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ProCom professor looks to change the urban landscape

Dave Colangelo’s work challenges perceptions of screens and digital facades in the urban landscape and asks how they can better serve us
By: Drew Singer
March 23, 2021

Dave Colangelo, assistant professor in the School of Professional Communication, founding member of Public Visualization Studio, external link, and Director, North America, of the Media Architecture Institute, external link, recently won the SCMS 2021 Anne Friedberg Innovative Scholarship Award, external link for his book examining media architecture–the screens and media that are increasingly part of the urban experience. 

Presented by the Society for Media Studies (SCMS), external link, a leading scholarly organization in the U.S. dedicated to promoting a broad understanding of film, television, and related media, Colangelo’s first book The Building as Screen: A History, Theory, and Practice of Massive Media, external link was selected by the award’s committee for his adept examination of theory and practice in this burgeoning field.

Dave Colangelo, assistant professor in the School of Professional Communication

Why media architecture matters

While the term media architecture may be unfamiliar to most, it is experienced ubiquitously and on a daily basis by everyone: programmable architectural facades (ex. the lights on the CN tower), urban screens (ex. the screens at Yonge-Dundas square), and outdoor projections. In his book, Colangelo uses the term “massive media” to describe these situations: they are massive not simply in size and public visibility, but also in the vast scale of networks and audiences they are able to engage both on and offline.

Part of Colangelo’s work challenges the idea these screens must always act as marketing tools for brands. “It’s important to experiment with artistic and community-focused content and diversify the messaging in highly commercialized screen spaces and urban media environments,” he said. “We need to think about media architecture as public space media. We should be asking: how does it come into being, and can communities, in particular equity-deserving groups, be involved in the planning, production, and use of these spaces?”

Media architecture in Toronto

Many Torontonians have likely seen Colangelo’s work challenging our ideas about media façades and screens. In 2010, Colangelo and Public Visualization Studio, external link co-founder Patricio Dávila, who is also Associate Professor of Cinema & Media Arts at York University, created E-Tower, external link, which invited participants of Toronto's free all-night contemporary art event Nuit Blanche to increase the energy of Toronto’s CN Tower by sending it a text message.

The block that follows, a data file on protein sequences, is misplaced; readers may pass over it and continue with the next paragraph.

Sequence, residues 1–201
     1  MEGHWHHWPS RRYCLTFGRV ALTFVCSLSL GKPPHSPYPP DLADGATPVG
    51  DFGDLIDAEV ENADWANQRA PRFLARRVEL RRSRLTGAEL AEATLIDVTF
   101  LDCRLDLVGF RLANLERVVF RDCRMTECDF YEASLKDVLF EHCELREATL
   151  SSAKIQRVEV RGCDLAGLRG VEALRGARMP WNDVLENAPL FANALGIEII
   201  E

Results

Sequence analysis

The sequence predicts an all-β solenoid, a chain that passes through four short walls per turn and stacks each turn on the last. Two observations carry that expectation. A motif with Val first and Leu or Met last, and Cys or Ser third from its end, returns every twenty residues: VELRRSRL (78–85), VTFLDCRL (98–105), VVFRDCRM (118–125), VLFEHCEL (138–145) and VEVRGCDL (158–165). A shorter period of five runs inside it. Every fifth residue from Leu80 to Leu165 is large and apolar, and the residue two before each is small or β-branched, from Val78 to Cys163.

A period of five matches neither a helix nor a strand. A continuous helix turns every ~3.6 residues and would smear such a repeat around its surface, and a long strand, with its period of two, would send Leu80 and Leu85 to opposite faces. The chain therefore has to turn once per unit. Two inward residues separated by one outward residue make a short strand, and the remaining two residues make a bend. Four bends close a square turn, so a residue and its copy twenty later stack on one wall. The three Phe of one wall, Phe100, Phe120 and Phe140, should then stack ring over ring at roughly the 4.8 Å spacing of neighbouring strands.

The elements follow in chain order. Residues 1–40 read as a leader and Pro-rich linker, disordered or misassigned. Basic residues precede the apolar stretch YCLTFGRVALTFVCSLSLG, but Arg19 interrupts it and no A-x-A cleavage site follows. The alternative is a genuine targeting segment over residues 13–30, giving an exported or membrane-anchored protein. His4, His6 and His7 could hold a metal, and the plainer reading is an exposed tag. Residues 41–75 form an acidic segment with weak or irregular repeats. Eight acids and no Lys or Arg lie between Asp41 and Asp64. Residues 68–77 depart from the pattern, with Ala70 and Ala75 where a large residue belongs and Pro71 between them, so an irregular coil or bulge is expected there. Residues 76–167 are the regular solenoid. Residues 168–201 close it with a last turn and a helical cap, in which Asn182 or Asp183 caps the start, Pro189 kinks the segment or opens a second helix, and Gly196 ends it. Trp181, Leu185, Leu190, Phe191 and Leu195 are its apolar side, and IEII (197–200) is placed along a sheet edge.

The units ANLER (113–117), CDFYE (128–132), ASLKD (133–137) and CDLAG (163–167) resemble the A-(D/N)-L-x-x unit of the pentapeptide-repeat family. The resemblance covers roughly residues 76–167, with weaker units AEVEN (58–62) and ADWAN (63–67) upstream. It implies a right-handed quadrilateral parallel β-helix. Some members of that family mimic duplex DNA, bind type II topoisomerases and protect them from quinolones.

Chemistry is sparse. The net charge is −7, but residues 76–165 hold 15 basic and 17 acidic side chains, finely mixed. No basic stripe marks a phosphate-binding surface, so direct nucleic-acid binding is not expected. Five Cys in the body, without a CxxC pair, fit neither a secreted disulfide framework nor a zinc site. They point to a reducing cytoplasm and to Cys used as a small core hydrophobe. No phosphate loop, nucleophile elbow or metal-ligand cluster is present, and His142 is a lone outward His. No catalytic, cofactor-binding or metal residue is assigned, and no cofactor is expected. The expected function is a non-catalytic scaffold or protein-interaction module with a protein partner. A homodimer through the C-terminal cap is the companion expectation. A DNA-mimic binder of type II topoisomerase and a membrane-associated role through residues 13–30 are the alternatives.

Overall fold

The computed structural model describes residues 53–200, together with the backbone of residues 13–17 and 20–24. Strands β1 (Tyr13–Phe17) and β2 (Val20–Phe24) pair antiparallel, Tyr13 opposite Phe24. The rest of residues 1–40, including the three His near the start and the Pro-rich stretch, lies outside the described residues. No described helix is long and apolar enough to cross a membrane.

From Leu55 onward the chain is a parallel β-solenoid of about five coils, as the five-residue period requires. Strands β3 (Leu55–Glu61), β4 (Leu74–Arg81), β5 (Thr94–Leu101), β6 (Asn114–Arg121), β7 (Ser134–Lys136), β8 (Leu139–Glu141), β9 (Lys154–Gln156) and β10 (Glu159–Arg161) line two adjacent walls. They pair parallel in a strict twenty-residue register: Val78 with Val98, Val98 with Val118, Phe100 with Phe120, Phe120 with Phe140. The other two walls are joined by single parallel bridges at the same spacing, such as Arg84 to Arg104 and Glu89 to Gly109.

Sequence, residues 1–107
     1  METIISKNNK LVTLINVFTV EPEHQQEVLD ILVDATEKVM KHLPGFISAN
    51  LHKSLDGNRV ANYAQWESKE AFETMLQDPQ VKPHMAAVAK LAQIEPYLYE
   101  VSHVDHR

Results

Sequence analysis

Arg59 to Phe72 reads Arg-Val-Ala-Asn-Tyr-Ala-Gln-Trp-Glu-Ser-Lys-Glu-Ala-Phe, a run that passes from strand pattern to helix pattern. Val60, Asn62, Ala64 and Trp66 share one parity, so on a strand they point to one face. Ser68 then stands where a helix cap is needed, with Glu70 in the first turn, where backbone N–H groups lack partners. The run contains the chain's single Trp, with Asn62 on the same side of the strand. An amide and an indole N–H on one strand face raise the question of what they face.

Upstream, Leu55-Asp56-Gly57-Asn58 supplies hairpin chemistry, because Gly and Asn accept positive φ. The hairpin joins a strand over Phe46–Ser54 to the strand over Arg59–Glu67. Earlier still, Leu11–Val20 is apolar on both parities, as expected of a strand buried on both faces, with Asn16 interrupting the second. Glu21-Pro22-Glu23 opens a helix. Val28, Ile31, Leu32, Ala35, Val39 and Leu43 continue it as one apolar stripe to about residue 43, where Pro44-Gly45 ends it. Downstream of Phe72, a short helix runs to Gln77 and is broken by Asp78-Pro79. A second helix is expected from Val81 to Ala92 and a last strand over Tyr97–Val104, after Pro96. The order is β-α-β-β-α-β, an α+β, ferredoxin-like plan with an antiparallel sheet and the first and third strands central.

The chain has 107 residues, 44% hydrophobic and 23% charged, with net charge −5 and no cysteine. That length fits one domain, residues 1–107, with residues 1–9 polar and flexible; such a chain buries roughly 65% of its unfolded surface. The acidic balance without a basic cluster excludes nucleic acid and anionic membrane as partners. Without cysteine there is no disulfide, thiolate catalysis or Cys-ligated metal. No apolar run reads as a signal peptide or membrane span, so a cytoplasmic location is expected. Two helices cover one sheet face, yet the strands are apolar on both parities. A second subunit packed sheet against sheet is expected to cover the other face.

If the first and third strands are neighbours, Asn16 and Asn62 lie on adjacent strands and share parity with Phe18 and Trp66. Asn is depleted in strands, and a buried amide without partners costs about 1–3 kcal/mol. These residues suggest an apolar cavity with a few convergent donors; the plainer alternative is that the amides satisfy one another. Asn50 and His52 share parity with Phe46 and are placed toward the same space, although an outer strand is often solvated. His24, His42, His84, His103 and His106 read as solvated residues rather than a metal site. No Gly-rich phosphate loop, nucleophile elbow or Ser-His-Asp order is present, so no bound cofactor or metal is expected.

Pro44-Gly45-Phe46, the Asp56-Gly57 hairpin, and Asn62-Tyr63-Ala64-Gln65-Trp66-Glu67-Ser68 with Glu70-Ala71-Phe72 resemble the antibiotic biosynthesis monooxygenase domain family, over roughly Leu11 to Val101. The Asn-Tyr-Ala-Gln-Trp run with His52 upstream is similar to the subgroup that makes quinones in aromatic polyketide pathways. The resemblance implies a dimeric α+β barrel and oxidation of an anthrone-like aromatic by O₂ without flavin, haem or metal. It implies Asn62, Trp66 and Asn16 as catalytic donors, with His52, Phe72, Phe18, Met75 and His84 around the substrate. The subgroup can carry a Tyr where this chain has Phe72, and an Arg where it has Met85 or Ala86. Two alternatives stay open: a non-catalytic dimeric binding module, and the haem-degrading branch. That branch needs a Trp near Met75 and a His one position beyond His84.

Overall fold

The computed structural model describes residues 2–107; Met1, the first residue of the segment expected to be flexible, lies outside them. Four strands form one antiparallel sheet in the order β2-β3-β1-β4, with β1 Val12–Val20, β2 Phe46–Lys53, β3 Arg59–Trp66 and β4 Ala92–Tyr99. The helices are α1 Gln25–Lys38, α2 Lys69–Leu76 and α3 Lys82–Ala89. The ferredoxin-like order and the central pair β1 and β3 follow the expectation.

Each text added a bit of energy to the lights on the tower, making them pulse and glow brighter based on the number of people interacting with the tower in real time. E-Tower explored how a programmable LED façade can be used as a tool for cooperative participation to create dynamic and public visuals and encourage communal reflection.

“We need to think about media architecture as public space media. We should be asking: how does it come into being, and can communities, in particular equity-deserving groups, be involved in the planning, production, and use of these spaces?”

Dave Colangelo

'Receipts', by Public Visualization Studio members Dave Colangelo, Patricio Dávila, and Immony Mèn, in collaboration with Lillian Leung

The project was located at The Bentway, in Toronto

The project collected, anonymized, archived, and presented the testimony of people that have experienced or witnessed anti-Aisan aggression in public spaces

In 2020, Colangelo, with Patricio Dávila and Immony Mèn (Public Visualization Studio) and artist Lillian Leung, created “Receipts, external link,” a multimodal project located at The Bentway as part of their Safe in Public Space, external link initiative. The project collected, anonymized, archived, and presented the testimony of people that have witnessed or experienced anti-Asian aggression in public spaces in Canada. As with Colangelo’s other works, the project explores media architecture as a site for critical and creative engagement.

As screens increasingly pervade our public and urban landscapes, Colangelo’s work continues to explore alternative theories, methods, and practices for urban media environments. Colangelo’s work asks, “What is it we want these screens to do?” And works to raise our awareness of the presence of massive media and its effects on us.

“They can do more than just manufacture desire for goods and services. They can connect us to causes and concerns that are important to us and spark dialogue and reflection,” he said. “They can help us develop connections to our spaces and to people around us. Do communities see their values and beliefs reflected in their surroundings? Is this what we’re seeing right now? And if not, how can we work with cities and communities to change that, at least in part, through media architecture?”


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